First off, thank you all so so much for all your well wishes, tweets, and everything else this weekend. It meant so much to me and brought a huge smile to my face on race morning. Thank you.
Short story of my NYC Half race? Not my best day but I finished and I smiled during the race. I followed my plan to run at a comfortable pace, and I felt strong running up the hills in Central Park.
I had a bit of problem with my hip early on in the race and then my knee at about the halfway point. From that point on, I didn’t try to push the pace and just focused on finishing (even though I really wanted to stop at Times Square). So that’s what I did.
Longer version of the NYC Half? Well, that’s a bit longer…
Taper Week Worries
So you know how I mentioned on Friday that I was having some aches and pains in my knee? It was a little more than that. After a confidence-building training cycle, my knee started mysteriously hurting during taper week. I would feel a funny clip or tweak in my knee when I walked (kind of feels like my meniscus getting caught).
Needless to say, I was freaking out. But after a short shake-out run on Saturday, everything felt OK and I just chalked it up to race day mental worries.
Race morning dawned bright and early. When I got out of bed, both my knee and foot felt great and I thought that my worries were behind me. My only concern that morning was staying warm before the start of the race. It was about 33 degrees and with the windchill, the temperatures were in the 20s.
I wore my race clothes, a throwaway long-sleeve t-shirt, a sweatshirt, wind pants, hat, gloves and wrapped myself in a fleece blanket. I’m so glad that I did because I was nice and toasty at the start.
There was quite a bottle neck leading to the corrals as we all had to go through metal detectors. Once I got to the corrals, things moved pretty quickly and before I knew it, it was time to start running.
The race started on East Drive and East 72nd Street and traveled north for 2 miles. Mile 3 took us out of the park to run along 110th Street to the western edge of the park. We then looped back along 110th Street to re-enter the park.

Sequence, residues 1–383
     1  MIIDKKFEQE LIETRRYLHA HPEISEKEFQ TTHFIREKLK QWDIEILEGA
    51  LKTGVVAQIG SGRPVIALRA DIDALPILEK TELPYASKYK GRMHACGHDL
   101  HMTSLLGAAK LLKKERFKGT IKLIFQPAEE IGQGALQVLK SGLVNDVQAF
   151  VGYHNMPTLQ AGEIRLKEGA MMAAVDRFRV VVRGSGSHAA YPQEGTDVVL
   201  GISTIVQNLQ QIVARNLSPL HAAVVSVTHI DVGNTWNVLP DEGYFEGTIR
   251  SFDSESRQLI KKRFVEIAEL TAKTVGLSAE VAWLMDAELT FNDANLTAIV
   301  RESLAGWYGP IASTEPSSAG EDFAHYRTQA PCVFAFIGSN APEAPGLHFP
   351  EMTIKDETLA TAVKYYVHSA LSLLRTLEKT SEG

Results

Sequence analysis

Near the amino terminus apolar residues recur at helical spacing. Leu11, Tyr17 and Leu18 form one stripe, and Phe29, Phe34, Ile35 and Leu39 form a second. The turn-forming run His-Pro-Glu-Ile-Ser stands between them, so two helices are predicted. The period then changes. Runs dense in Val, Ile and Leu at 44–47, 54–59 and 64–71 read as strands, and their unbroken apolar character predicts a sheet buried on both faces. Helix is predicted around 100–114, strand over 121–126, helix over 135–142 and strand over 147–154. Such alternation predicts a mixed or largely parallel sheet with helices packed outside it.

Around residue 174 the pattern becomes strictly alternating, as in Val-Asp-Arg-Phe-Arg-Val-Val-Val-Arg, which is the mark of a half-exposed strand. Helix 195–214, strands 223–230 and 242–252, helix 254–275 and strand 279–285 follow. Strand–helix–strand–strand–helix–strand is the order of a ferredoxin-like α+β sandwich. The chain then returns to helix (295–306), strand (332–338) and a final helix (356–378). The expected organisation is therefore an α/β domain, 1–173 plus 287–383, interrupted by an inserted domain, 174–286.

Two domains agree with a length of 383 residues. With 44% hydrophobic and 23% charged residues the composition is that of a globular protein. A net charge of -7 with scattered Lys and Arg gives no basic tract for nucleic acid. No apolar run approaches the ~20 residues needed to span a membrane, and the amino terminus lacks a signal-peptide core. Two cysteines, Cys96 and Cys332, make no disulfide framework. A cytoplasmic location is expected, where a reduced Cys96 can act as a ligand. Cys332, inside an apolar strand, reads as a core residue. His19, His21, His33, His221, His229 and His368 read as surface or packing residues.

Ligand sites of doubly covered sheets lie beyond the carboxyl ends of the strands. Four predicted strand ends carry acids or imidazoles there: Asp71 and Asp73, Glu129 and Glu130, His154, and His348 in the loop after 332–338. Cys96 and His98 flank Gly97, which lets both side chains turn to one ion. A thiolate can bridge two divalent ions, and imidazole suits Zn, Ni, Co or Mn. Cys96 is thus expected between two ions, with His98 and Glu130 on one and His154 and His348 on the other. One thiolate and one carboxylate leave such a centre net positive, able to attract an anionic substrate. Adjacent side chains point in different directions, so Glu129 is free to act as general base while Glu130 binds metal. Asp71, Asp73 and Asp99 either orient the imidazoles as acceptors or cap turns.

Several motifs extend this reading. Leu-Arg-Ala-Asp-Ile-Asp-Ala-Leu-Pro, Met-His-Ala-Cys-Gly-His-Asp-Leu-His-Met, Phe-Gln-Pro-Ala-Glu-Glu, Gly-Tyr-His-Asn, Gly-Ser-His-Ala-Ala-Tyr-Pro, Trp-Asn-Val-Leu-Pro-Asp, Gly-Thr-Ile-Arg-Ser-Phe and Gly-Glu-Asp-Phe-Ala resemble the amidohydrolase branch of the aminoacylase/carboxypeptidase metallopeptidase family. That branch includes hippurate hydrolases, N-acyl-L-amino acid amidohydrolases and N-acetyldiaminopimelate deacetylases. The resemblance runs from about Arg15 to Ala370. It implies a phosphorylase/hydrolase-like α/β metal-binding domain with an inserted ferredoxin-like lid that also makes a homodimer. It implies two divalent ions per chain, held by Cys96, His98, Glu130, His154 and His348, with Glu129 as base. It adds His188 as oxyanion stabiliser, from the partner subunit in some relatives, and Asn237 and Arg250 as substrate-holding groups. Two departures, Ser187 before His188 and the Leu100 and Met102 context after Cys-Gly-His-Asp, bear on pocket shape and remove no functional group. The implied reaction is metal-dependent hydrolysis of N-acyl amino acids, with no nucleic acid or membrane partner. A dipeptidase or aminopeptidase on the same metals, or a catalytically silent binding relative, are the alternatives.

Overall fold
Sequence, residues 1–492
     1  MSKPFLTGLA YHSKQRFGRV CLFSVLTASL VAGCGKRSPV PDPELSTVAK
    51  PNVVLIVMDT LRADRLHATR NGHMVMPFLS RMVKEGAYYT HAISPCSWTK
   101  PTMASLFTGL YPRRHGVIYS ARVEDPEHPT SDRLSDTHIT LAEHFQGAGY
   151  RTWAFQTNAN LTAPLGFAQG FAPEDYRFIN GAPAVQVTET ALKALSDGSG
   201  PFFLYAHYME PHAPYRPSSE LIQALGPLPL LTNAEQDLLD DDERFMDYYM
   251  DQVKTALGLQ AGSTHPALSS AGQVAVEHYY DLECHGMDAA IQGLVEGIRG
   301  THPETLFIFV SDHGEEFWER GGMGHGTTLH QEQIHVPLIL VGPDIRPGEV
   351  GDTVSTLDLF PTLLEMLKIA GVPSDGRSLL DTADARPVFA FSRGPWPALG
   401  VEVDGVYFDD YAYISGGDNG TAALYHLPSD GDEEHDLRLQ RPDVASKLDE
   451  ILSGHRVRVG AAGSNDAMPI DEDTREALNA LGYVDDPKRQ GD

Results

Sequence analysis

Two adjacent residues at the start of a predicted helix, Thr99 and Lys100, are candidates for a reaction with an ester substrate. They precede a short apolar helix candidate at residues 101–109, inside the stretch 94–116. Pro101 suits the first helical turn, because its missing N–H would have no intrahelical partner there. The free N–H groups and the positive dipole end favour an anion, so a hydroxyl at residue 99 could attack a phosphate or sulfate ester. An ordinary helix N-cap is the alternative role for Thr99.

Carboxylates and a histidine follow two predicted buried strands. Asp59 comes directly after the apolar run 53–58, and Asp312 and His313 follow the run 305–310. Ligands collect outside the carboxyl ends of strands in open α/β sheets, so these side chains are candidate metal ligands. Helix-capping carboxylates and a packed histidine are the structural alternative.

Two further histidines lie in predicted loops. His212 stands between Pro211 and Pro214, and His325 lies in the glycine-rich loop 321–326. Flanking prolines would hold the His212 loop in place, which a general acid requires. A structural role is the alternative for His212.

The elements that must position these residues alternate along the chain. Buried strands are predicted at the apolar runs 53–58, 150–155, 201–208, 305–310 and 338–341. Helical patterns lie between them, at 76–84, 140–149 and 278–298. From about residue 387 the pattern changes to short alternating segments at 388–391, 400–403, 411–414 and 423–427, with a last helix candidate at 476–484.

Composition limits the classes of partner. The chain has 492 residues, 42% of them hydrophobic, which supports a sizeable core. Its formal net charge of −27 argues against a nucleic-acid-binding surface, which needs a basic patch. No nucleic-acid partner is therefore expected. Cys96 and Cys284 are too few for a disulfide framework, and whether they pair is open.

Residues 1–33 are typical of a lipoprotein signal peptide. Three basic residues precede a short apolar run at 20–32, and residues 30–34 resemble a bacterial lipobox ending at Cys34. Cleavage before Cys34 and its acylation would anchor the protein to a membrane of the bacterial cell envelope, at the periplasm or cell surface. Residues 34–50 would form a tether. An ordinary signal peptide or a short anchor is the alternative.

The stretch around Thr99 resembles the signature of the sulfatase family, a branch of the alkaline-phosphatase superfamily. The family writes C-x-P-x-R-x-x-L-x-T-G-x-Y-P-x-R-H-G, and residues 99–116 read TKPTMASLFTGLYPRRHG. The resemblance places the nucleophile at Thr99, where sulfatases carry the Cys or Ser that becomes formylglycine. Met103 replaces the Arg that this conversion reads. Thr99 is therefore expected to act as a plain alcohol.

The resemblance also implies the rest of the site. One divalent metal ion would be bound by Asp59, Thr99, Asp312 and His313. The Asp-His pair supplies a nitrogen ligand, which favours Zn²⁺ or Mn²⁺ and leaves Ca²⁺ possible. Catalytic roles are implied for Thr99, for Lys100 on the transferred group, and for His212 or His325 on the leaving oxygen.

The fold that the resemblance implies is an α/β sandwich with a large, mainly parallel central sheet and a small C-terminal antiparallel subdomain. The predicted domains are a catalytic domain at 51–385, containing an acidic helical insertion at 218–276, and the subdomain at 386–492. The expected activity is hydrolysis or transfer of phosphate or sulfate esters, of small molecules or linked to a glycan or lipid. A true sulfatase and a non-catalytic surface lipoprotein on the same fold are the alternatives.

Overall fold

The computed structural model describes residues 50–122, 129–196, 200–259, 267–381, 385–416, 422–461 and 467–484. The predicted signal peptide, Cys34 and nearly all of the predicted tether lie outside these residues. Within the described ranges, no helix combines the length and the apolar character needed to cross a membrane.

I warmed up within the first mile and got rid of some of my throwaway clothes. I tried to remember to hold back and not worry about weaving in and out between runners.
Mile 4 took us up the big, main hill in Central Park. I felt really good and comfortable running uphill. I remembered Jess’ advice that it should feel like someone is giving me a light push on the back. Getting up and over the hill was a confidence boost, although I kind of forgot that there were rolling hills along the rest of the west side of the park but I took each hill as they came.
Around mile 4 or 5, I started to feel my quad tighten up and then my hip flexor. Every time I brought my right leg up and forward, it would pinch. I kept telling myself that it would go away, that it would loosen up and go away.
At mile 6, we exited the park and, despite my hip, I felt good. The hardest part of the race was behind me, and I knew that I could keep the same pace or even pick it up during the last half.
Mile 7 led us from the park to Times Square. It was such a rush to run along 7th Avenue and through an empty Times Square. I knew that I wanted to run faster but didn’t. Somewhere along the way, my knee (the surgically repaired one) felt like it almost buckled. Damn it.
Once that happened, I started to lose the mental game. I started feeling my hip hurt more and I was disappointed that it wasn’t my day. I focused on finishing – on making it to the finish line because I knew that Ed and my kids would be waiting for me there.
I might have made some promises that I would go to physical therapy and consistently do all my exercises if I finished the race in one piece. But really? I wanted to stop, hop on the subway and go home.
After Times Square, we turned on 42nd Street and headed for the West Side Highway. Holy wind.
The last 5 miles of the race ran along the West Side Highway – flat, straight miles down to Battery Park. These miles fluctuated from “Oh this is great! I’m almost done!” to “OMG I’m not going to make it!” to “Enjoy this moment and how far you’ve come.” I focused on an even effort and just kept going. But man, those were mental miles.
FINALLY. The last mile. We ran through the Battery Tunnel, which was kind of freaky since it was so dark. We exited the tunnel, ran up the ramp, turned on Maiden Lane and then onto Water Street to the finish line.
Here’s the thing. I’m really proud of myself for training for, starting and finishing the race – my first half marathon in probably 10 years. That I continued to run even though I wanted to quit. That I enjoyed the race and smiled.
I’m disappointed that I didn’t run a stronger race and that my knee acted up. Actually, I’m really annoyed that my knee and hip acted up. I’m not trying to make excuses but I was hoping to have a better day.
But, I did have the best cheering squad on the course. Thankful that Ed and the boys were able to come out and cheer for me even in the freezing cold weather.
And thank you Jess for getting me here. I definitely wouldn’t have made it this far without you and your amazing coaching!
How was your weekend?
Read more about my training here:
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